Sadly, there is no regulatory Thai agency that oversees the treatment of elephants, nor is there an official vetting process when it comes to evaluating the ethics of a sanctuary. But as a rule of thumb: The most ethical way to see elephants is to view them from afar in their natural habitat. The most humane sanctuaries will let the elephants be while giving them a safe place to live and a constant stream of food to eat that would be a part of their natural diet. So, if you ever see anyone riding an elephant, encouraging people to bathe with elephants, or making the animals do tricks, stay away. And keep in mind that the best way to love elephants is to support the preservation of their natural habitats and prevent deforestation. Though much is out of ordinary people’s hands, consider donating to NGOs like Conserve Natural Forests and avoiding products with palm oil in them.
Here are five elephant sanctuaries to consider on your next trip to Thailand:
In 2005, British animal activist Katherine Connor Connor rescued a baby elephant from the tourist trade, whom she named “Boon Lott” (which means “survivor” in Thai). Tragically, the elephant died in her arms following complications that arose after an accident left the two-year-old partially paralyzed. Determined to save other elephants trapped in the tourist trade, she founded Boon Lott’s Elephant Sanctuary, located in the village of Baan Tuek near the Myanmar border.
Today, the sanctuary focuses on rescuing elephants from the tourist and logging trades. Elephants at Boon Lott’s are given specialized care for ailments like amputated or injured feet (there are still thousands of landmines littering the Thai jungle) and are given free rein to roam the 540-acre reserve. Three teak guesthouses on the property sleep two each, but the sanctuary is popular so book far in advance. Travelers can walk with elephants to their grazing pastures, plant vegetation such as grass, bamboo, and vegetables for the pachyderms to munch on, and more.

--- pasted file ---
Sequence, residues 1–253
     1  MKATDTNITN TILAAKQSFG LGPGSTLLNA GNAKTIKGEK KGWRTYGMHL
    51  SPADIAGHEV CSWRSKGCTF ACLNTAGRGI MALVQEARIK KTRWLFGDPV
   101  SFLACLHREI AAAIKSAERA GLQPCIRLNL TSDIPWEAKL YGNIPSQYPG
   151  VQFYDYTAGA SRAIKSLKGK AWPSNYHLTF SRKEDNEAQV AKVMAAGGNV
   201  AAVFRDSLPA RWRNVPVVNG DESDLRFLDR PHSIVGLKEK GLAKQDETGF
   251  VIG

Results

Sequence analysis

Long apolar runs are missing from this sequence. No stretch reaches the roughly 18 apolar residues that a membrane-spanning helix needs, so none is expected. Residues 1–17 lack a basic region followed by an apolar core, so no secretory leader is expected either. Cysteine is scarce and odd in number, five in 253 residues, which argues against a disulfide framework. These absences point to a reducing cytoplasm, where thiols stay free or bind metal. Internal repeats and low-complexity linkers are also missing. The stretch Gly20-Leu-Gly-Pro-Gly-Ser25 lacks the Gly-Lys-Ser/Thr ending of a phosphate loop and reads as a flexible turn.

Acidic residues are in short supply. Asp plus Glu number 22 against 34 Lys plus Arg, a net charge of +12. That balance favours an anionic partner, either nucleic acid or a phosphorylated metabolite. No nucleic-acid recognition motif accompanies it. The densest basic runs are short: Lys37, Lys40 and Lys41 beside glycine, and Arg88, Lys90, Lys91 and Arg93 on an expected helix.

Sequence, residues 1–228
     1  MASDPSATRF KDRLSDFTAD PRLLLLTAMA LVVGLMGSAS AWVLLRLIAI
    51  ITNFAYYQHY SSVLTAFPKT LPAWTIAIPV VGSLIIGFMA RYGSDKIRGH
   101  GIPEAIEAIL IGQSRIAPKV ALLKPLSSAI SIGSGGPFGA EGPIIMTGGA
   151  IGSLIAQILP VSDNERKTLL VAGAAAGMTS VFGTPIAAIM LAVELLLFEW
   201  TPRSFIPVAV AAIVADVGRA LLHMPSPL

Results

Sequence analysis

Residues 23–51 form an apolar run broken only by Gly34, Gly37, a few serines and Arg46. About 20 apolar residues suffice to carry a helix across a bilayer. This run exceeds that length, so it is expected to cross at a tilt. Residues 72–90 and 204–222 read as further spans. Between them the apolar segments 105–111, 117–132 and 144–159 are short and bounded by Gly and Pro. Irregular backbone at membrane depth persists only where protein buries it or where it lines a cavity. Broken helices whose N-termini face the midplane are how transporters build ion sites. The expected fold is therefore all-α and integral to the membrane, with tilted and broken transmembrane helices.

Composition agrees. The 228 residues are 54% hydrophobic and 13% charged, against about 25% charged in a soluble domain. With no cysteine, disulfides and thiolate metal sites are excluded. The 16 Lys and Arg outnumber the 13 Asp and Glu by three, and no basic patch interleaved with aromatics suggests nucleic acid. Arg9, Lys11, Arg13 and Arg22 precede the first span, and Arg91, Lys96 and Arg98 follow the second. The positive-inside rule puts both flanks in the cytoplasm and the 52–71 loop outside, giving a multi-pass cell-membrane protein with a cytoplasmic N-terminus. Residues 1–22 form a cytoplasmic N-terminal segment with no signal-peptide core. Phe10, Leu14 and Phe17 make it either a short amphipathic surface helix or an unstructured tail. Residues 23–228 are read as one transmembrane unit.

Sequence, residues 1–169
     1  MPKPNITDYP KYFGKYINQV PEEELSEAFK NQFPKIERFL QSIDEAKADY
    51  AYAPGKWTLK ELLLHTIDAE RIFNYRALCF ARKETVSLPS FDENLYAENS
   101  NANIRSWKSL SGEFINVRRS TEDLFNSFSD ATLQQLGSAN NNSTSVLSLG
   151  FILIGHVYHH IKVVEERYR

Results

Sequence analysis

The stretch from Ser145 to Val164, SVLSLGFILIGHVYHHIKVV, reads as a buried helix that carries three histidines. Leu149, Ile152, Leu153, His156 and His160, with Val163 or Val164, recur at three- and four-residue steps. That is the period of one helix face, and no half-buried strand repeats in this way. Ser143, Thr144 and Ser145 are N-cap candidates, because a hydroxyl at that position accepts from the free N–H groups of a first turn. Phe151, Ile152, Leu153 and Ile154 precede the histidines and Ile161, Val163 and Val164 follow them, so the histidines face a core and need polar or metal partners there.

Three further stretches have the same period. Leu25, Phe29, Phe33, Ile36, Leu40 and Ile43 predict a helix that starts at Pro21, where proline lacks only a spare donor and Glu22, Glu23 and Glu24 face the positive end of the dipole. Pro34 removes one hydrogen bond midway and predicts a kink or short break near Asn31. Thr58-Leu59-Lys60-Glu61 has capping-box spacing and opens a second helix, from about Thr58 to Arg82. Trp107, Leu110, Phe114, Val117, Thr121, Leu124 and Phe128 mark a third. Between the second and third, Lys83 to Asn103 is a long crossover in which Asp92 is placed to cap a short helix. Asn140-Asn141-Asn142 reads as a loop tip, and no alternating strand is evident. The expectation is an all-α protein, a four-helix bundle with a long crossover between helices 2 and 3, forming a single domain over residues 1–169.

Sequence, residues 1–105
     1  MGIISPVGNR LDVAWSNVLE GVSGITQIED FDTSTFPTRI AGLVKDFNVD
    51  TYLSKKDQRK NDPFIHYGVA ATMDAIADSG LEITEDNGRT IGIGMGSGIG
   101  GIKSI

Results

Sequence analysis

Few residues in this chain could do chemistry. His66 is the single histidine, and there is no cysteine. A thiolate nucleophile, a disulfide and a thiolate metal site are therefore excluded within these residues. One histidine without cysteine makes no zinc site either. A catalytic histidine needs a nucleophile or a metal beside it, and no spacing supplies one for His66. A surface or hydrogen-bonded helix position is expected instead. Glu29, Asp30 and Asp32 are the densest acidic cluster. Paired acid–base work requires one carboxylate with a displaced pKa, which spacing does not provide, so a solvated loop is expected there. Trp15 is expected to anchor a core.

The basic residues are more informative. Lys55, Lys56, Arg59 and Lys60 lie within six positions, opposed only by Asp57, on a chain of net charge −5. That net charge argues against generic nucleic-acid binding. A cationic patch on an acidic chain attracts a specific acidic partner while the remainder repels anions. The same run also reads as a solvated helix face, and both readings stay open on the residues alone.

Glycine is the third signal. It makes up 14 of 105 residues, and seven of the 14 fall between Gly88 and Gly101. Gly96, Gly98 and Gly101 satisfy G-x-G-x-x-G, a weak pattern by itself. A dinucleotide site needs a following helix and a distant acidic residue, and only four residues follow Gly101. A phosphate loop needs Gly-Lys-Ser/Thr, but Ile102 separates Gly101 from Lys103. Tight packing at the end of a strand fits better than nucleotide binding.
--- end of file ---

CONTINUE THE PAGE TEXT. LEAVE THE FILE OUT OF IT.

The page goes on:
Tha Mai Ruak
In addition to being a refuge for retired and rescued elephants, Wildlife Friends Foundation is a fully equipped animal hospital and rescue center. Situated in the province of Tha Mai Ruak, this elephant sanctuary rehabilitates injured wild animals and releases them back into the wild; shelters abused and neglected animals, including elephants, monkeys, bears, and gibbons; provides high-quality veterinary care; and educates the public and locals about the perils of wildlife tourism and the illegal pet trade.
Visitors are allowed to view the elephants but rides and bathing are strictly prohibited. Day visits start at $48 per person, while half days are $33. The foundation conveniently offers lodging on the premises; prices start at around $100 a night. Wildlife Friends also relies on volunteers to help with such projects as restoring the local forest. If you’re down for a longer stay—and some hard labor that will improve the lives of Thai animals—this is a place to add to your list.